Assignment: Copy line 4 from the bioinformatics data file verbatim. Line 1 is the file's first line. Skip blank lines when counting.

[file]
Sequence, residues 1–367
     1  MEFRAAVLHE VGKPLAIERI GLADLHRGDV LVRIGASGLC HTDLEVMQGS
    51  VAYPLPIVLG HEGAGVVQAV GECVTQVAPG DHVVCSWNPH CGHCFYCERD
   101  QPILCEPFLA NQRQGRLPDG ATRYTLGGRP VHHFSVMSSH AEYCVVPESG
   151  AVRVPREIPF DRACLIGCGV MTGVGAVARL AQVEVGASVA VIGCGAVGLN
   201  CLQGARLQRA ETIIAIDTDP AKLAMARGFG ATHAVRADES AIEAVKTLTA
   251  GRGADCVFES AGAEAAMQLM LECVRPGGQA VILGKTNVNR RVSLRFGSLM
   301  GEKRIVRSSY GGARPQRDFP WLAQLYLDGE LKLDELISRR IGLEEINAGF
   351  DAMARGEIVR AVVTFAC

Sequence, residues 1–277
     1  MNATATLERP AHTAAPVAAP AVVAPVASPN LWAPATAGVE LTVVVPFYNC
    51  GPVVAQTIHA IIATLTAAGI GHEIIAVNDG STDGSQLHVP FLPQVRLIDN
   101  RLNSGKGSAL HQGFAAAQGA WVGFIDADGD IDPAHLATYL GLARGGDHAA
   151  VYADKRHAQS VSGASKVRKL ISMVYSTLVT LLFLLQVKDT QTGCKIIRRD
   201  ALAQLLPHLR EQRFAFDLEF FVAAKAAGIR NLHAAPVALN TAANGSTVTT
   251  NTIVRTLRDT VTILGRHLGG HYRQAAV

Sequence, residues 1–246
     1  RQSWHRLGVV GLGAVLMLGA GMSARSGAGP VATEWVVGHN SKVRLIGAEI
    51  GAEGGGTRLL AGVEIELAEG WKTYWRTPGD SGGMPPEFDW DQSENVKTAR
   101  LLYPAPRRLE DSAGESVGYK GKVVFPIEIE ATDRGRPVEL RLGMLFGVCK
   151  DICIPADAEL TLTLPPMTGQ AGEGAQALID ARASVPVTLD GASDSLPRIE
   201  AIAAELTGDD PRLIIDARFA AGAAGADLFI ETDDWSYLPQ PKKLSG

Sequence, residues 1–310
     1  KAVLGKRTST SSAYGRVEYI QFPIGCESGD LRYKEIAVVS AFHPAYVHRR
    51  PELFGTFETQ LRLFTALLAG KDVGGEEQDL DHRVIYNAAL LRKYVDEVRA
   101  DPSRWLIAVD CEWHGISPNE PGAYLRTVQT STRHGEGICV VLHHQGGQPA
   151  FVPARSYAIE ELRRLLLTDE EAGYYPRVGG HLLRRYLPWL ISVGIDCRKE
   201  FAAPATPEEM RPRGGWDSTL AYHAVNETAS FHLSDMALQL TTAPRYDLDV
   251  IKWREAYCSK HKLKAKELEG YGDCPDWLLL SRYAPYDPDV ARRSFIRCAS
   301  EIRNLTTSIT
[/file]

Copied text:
   101  QPILCEPFLA NQRQGRLPDG ATRYTLGGRP VHHFSVMSSH AEYCVVPESG